Beginning or returning to school brings a gamut of emotions: excitement, fear, anticipation, anxiety… and I can only imagine how much worse it must be for a child!
Whether your child is beginning school for the first time or returning to another year of school, they may be experiencing anxiety over the prospect. And by ‘anxiety’ I’m talking about general worry and fear, not necessarily clinical anxiety although a number of these symptoms and strategies can apply to both.
Some common signs to indicate anxiety include:
~ Selective mutism (refusing to speak in some situations but not others)
~ Asking the same questions repeatedly (eg. Will I make friends? What if…?)
~ Emotional detachment
~ Refusal to discuss school
~ Pacing, fidgeting, crying, clinging, shaking
~ Refusal to attend
~ Repetitive complaints of sickness
So what can cause or worsen anxiety in children?
Previous experiences can cause a child to worry that something similar could happen again.
Fear of the unknown, having no friends, being bullied or laughed at are all reasons for anxiety.
Children often model their parent's responses to stressful situations including their coping or avoidance mechanisms.
A parent’s reactions to their child’s anxiety can, in fact, exacerbate it through excessive reassurance or over-protectiveness.
1 in 10 children suffer from some form of clinical anxiety.
Helpful strategies for general anxiety include:
~ Validate your child’s feelings and the fact that these worries are very real to them
~ Encourage and practice positive self talk ('I can be brave')
~ Progressive muscle relaxation
~ Deep breathing
~ Model being brave
~ Problem solve – ‘If (this) happens, what could you do or who could you go to?’
~ Use humor to alleviate tension
~ Keep your child active with plenty of exercise
Strategies for first day jitters:
~ Arrange to catch up with other school children in the weeks leading up to the start of school
~ Establish or maintain a daily routine in the weeks prior to school beginning, including exercise, structured meal times, scheduled quiet time and a set bedtime to prioritise sleep.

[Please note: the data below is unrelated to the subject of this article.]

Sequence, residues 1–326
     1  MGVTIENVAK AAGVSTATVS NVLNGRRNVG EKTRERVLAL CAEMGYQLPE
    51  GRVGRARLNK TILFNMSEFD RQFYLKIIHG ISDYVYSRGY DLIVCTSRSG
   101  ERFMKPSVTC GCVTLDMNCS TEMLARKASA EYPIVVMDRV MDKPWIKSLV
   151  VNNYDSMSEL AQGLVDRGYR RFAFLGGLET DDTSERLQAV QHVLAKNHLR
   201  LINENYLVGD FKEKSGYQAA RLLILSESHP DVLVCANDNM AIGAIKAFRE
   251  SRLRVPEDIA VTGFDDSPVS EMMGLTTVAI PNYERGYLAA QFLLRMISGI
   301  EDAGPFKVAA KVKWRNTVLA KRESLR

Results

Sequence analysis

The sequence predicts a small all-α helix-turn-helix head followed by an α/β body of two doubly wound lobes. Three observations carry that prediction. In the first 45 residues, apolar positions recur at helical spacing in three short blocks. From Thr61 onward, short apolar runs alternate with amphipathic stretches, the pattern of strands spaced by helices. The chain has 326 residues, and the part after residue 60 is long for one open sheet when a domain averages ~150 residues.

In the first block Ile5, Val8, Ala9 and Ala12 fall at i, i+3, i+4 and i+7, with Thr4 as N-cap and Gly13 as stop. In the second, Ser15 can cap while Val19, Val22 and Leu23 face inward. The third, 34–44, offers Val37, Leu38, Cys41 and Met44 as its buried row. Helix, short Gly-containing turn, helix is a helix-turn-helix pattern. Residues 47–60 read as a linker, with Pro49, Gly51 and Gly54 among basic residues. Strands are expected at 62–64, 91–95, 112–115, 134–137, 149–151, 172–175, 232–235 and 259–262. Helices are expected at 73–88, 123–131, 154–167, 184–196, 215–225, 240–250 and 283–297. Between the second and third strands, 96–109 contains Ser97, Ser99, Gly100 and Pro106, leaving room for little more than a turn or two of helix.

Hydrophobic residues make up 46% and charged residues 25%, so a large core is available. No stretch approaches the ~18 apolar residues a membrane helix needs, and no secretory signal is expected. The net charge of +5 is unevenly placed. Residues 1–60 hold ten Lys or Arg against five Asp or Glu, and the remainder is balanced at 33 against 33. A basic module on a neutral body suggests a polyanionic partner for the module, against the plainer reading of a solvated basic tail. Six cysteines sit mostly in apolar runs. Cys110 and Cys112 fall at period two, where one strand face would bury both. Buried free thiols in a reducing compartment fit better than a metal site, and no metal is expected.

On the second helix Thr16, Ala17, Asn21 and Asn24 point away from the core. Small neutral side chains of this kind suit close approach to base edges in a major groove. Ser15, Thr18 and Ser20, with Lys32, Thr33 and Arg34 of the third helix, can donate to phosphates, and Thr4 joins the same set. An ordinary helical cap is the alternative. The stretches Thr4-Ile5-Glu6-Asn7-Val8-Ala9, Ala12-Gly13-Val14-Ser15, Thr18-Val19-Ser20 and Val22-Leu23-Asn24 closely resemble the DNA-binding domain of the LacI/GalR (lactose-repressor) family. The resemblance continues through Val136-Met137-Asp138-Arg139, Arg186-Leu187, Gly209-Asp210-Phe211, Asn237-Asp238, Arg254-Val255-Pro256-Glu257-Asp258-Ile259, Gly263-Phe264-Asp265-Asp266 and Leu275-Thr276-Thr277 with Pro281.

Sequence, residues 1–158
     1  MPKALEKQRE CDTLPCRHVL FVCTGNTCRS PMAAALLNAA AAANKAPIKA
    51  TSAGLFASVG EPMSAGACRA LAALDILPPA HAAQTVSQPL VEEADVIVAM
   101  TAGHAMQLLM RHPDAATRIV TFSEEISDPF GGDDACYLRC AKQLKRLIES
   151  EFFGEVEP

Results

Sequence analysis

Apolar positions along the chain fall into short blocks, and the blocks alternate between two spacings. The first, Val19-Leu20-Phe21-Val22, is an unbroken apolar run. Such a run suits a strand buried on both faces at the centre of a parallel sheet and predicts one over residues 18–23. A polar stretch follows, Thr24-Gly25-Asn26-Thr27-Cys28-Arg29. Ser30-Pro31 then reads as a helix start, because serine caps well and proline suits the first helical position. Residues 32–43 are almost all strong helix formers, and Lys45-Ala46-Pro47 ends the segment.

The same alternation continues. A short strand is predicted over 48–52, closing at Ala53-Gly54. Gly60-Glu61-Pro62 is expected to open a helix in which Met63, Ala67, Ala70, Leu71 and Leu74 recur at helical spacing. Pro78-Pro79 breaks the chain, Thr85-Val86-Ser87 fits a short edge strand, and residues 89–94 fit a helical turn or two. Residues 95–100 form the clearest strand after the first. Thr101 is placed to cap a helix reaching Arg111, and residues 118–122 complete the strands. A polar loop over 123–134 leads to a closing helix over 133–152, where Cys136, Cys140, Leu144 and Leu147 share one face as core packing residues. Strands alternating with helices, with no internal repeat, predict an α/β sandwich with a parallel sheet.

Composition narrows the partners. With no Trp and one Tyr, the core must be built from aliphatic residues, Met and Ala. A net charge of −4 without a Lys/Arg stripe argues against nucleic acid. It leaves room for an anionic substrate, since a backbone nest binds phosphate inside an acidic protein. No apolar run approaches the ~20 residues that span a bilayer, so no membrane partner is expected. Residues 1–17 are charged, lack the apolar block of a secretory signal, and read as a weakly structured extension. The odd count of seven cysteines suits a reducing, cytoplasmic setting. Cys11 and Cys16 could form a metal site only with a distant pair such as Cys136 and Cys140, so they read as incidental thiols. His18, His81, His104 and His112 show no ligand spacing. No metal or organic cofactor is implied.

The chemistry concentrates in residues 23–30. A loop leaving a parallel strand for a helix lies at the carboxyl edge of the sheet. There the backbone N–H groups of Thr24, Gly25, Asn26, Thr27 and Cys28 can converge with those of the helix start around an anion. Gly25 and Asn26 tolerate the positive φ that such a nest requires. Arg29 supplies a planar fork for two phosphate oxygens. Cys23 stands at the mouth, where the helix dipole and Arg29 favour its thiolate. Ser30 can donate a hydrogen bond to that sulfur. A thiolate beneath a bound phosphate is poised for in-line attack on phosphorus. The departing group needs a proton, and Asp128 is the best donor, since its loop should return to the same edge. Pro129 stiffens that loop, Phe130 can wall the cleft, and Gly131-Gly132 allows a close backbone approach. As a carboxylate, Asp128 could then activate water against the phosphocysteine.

~ Focus on the positive by encouraging your child to list three things they are excited about for the first day of school.
~ Borrow some books from the library about starting school.
~ Have your child help plan, shop for and prepare lunches for the first week.
~ Ask the school if you can drop in the week before school starts to give your child a tour or introduce them to the teacher if possible.
~ Role play ways to make friends and resolve conflict.
~ Have your child help to pack their school bag the night before school starts. Include a special comfort toy to keep in their bag.
~ Leave a little note in your child’s lunch box to reassure them.
~ Arrive in plenty of time to minimize stress for both you and your child, but not too early that you find yourselves hanging around allowing your child’s anxiety to grow.
~ Walk your child to their classroom, help to settle them in and introduce to the teacher.
~Link your child up with a friend or a friendly face and give them an activity to keep busy (eg. colouring in).
~ Divert their attention elsewhere when possible.
~ If possible, try to warn the teacher that your child has separation anxiety and you may need their help when it comes time for you to leave.
~ Plan a special dinner at the end of the first week to celebrate your child’s bravery and discuss all the things they enjoyed during their first week back at school.
~ Listen attentively to everything your child says. Give praise for their confidence and empathy for their fears, but always focus on the positive.
~ If you determine that a particular fear is real rather than perceived, act on it quickly by discussing the issue with the teacher and school administration.
Discuss with your child what the first morning of school will involve when you drop them off. Explain that you will return at the end of the school day to pick them up. Show younger children what that time looks like on the clock so they can keep track throughout the day.
When the bell goes and the teacher calls the class to attention, give your child a reassuring hug and kiss before promptly leaving. If your child will not let go of you, as hard as it is to do, transfer them to the teacher and leave after one final reassurance and goodbye. In time, they will settle but this is more difficult if you are nearby. Resist the urge to stay outside and watch through the window or drop back for a peek in.
No matter what behavior your child exhibits, remain calm and confident.
If anxiety continues for months on end and seems to be worsening, it may be helpful to ask your child’s teacher what they have observed and experienced in the classroom. If you are concerned you may need to see your Doctor to discuss it, particularly if you notice that it is consistently and negatively affecting your child.
Let’s enjoy the return to school and help to instill confidence and anticipation in our kids! Here’s to the start of a (hopefully stress-free) new school year!